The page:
Dozens Detained in China's Harbin After Protesters Blockade Trash Plant

china-trash-plant-march-2017.jpg A worker operates a claw to feed garbage to an incinerator at a waste incineration plant in Beijing, March 30, 2017.
AP Photo

Authorities in the northeastern Chinese province of Heilongjiang have detained dozens of people after they complained and protested against pollution from a garbage facility near their homes.

Angry residents of the provincial capital Harbin recently blockaded the Yifeng garbage plant, preventing any vehicles or people from entering or leaving, and prompting the local government to send in large numbers of police reinforcements, who detained more than 40 people, local residents told RFA on Monday.

"The day before yesterday, the riot police came from Harbin and detained more than 40 people," a resident of nearby Changlin village said. "They suppressed the whole thing."

"They released some of those they detained later, but some are still being held," he said.

Repeated calls to the Harbin municipal government telephone hotline resulted in a busy signal during office hours on Monday.

Calls to the district government offices in Xiangfang went unconnected.

A local resident who declined to be named said the garbage plant in Harbin's Xiangfang district has been leaching pollutants into the nearby Songhua river for 14 years, but any attempt by residents to complain has so far fallen on deaf ears.

"They have been protesting against the garbage plant for several years now," the resident said. "The protests got pretty serious in the past few days, and even the chief of police came down here with riot police and armed police."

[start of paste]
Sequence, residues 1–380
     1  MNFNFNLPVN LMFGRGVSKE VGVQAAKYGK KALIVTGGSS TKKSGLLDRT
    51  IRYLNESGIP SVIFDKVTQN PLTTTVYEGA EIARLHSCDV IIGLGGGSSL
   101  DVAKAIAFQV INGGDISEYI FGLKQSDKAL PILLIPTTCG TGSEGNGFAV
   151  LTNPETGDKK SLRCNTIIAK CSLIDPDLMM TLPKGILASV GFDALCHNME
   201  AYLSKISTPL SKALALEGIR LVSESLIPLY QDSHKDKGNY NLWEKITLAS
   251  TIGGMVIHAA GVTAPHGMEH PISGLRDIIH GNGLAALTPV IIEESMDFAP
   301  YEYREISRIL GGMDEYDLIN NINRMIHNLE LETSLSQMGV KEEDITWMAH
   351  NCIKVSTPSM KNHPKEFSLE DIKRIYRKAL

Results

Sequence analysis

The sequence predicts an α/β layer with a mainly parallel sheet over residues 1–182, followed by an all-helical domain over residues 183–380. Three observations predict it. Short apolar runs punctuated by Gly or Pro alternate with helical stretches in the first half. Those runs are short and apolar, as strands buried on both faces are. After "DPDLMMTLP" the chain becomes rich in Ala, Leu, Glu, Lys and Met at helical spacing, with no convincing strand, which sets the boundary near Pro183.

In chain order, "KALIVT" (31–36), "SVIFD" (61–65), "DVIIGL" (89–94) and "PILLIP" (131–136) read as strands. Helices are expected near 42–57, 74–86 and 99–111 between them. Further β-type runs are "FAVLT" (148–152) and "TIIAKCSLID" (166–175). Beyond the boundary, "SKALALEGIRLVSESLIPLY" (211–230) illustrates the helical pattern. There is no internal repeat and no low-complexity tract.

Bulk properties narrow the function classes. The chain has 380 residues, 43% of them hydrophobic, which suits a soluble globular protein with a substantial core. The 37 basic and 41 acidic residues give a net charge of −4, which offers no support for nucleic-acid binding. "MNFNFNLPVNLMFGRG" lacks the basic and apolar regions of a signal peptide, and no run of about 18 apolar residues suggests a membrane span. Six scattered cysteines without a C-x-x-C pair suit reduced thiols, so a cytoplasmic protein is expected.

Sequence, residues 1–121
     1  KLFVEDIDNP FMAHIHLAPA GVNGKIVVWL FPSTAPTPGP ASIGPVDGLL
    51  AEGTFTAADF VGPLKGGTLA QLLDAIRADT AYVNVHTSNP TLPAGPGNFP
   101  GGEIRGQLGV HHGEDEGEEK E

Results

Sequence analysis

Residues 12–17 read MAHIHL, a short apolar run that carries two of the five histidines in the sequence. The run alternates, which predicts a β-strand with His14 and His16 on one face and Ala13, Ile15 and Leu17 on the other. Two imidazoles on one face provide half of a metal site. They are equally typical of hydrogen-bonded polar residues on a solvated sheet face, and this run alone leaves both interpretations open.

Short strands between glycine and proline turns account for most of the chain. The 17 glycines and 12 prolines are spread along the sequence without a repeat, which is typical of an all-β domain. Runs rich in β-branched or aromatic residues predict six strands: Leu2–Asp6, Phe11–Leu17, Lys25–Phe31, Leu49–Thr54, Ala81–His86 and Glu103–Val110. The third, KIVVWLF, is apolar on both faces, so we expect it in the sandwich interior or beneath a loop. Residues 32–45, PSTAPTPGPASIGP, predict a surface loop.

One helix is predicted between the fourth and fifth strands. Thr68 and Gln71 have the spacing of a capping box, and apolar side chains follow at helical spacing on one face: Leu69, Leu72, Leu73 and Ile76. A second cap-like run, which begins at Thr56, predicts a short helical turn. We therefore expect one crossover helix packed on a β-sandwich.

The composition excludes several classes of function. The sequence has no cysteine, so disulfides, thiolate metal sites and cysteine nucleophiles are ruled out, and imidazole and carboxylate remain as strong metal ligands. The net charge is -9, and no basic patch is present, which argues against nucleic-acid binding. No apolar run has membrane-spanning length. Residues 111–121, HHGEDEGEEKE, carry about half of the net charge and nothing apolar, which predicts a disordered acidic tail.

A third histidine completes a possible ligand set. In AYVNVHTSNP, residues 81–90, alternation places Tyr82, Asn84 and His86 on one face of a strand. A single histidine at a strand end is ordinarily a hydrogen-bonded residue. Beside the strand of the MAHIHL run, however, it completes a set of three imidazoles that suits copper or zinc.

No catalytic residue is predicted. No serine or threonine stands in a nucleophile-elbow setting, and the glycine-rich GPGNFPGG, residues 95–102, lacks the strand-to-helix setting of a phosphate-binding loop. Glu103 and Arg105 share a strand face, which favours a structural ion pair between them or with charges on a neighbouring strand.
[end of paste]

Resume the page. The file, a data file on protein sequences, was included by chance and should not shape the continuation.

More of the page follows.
The Changlin village resident said the plant emits noxious smells and black smoke, meaning that local people can't open their windows.

"You can smell it for up to a kilometer around under any circumstances, and if you're further away, you can smell it if the wind is blowing from ... the east," he said. "We are in Changlin, to the west of it, and we can't open our windows in the evenings because the smell is too strong now."

"People have been complaining in recent years, and the city government sends people and says it has been fixed, but it hasn't been fixed," the resident said. "Recently, people have been organizing again ... and they blockaded the entrance."

The pollution has left local people fearing to use the local water supply, he said.

"Initially they decided it would be a garbage disposal plant that sorted garbage and turned it into something useful, such as fertilizer," the resident said. "But that isn't what actually happened. The groundwater was polluted pretty quickly and we can't drink the water."

Promises unfulfilled

He said the city government, which operates the plant, had initially responded to complaints by promising not to deliver any more loads of garbage to the site, but hasn't come up with a plan to clean up the pollution caused by the plant.

"There's mountains of the stuff in there right now that stinks, and they do nothing about it, and it's all leaching into the water table," he said.

More than three decades of rapid economic growth have left China with a rapidly growing waste disposal problem. But the serious environmental degradation caused by the trash industry has prompted a fast-maturing environmental movement to emerge among the region's middle classes and farming communities alike.

China, which imported some 47 million tons of waste in 2015, has said it will stop accepting imports of 24 types of foreign waste by the end of the year.

Last year, the authorities canceled the import permits of nearly 1,000 companies, and shut down nearly 9,000 companies for ignoring the ban, but smuggling is still widespread, with customs officials seizing 110,000 tons of smuggled trash in the first quarter of this year.

Reported by Yang Fan for RFA's Mandarin Service. Translated and edited by Luisetta Mudie.


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